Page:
Pretty interesting stuff from a blog written by the authors of the Head First series of books on Java.
Most user communities take a typical path–the newbies ask questions, and a select group of more advanced users answer them. But that's a slow path to building the community, and it leaves a huge gaping hole in the middle where most users drop out. If we want to keep beginning and intermediate users more engaged (and increase the pool of question answerers), we need them to shift from asker to answerer much earlier in their learning curve. But that leaves two big questions… 1) How do we motivate them? 2) How do we keep them from giving lame answers?
Actually, this isn't the biggest problem with most user communities. The real deal-killer is when a new or beginning user asks a "dumb" question. Most supportive, thriving user communities have a culture that encourages users to ask questions, usually through brute-force moderation with a low-to-no-tolerance policy on ridiculing a question. In other words, by forcing participants to "be reasonably nice to newbies", beginners feel safe posing questions without having to start each one with, "I know this is probably a dumb question, but…"
It was precisely that idea that led to the original javaranch… in 1997, the comp.lang.java newsgroup was just too nasty a place to ask questions. Even if you were brave enough to ask an obviously stupid one, the slamming you got was enough to make it your last. And without users asking questions, the community evaporates.
But most user communities–especially the new ones–aren't hurting for people asking for help, they're in desperate need of people willing to help the newbies. And one of the quickest ways to keep a user community from emerging is when questions go unanswered. So the real problem is getting people to answer questions.
Encouraging a "There Are No Dumb Questions" culture is only part of the solution. What we really need is a "There are No Dumb Answers" policy.
The best way to grow a user community is to get even the beginners to start answering questions. The more they become involved, the more likely they are to stick with it through the rough spots in their own learning curve, and we all know that having to teach or explain something to another person accelerates our own understanding and memory of the topic. The problem, of course, is that the beginners are… beginners. So, here are a few tips used by javaranch, one of the most successful user communities on the planet (3/4 million unique visitors each MONTH):
1) Encourage newer users–especially those who've been active askers–to start trying to answer questions
One way to help is by making sure that the moderators are not always the Ones Who Know All. Sometimes you have to hold back the experts to give others a chance to step in and give it a try.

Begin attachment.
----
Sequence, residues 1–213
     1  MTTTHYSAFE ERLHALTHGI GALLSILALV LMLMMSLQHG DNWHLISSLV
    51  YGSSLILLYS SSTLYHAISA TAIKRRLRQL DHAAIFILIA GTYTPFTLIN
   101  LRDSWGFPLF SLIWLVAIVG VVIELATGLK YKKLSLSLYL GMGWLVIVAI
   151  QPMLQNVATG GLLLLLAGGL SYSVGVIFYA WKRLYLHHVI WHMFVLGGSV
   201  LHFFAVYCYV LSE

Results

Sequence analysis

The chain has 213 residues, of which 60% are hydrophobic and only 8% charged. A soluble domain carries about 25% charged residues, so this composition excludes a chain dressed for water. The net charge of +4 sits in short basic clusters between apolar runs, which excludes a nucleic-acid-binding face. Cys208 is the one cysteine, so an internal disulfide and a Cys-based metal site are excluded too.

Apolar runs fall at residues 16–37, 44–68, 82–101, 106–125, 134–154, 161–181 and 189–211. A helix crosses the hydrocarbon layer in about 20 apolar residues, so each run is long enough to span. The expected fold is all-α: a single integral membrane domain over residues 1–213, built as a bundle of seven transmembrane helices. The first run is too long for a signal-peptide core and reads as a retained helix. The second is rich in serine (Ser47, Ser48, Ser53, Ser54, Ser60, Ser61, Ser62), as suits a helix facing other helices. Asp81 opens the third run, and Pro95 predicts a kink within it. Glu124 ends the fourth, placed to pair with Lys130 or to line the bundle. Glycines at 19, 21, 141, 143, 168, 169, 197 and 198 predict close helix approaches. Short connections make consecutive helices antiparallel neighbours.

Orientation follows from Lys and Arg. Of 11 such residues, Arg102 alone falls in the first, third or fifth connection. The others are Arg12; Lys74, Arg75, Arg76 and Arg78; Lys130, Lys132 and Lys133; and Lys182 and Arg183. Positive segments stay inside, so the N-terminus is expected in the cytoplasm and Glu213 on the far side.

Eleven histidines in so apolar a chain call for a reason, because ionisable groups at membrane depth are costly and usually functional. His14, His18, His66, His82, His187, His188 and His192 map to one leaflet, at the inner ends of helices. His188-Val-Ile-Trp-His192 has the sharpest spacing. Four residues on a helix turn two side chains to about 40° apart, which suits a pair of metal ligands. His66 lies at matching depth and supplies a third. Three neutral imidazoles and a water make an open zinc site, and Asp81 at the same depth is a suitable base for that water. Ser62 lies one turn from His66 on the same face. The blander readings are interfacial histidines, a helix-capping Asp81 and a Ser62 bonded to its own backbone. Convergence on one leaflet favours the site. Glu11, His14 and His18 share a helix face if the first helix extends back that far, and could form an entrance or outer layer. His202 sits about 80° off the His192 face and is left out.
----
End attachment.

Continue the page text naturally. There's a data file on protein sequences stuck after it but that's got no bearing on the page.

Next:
2) Give tips on how to answer questions
Post articles and tips on how to answer questions, which also helps people learn to communicate better. You can include tips on how to write articles, teach a tough topic, etc.
3) Tell them it's OK to guess a little, as long as they ADMIT they're guessing
4) Adopt a near-zero-tolerance "Be Nice" policy when people answer questions
Don't allow other participants (especially the more advanced users) to slam anyone's answer. A lot of technical forums especially are extremely harsh, and have a culture where the regulars say things like, "If you think that, you have no business answering a question. In fact, you have no business even DREAMING about being a programmer. Better keep your paper hat day job, loser."
5) Teach and encourage the more advanced users (including moderators) how to correct a wrong answer while maintaining the original answerer's dignity.
And again, zero-tolerance for a**holes. All it takes is one jerk to stop someone from ever trying it again.
6) Re-examine your reward/levels strategy for your community
Is there a clear way for new users to move up the ranks? Are there achievable, meaningful "levels"?
I'd love to hear some examples of other user communities you think are doing a good job at this. Javaranch isn't perfect, but it's one of the best I've seen (again, all the best stuff there happened after I turned it over to Paul Wheaton, so I can't really take credit).
Also, before you point out counter-examples of successful communities like slashdot… remember, I'm talking about user communities–people using a particular product or service–and not just any community. I'm sure there are tons of, say, political forums where a "be nice" policy is not only unneccessary, but most likely impossible.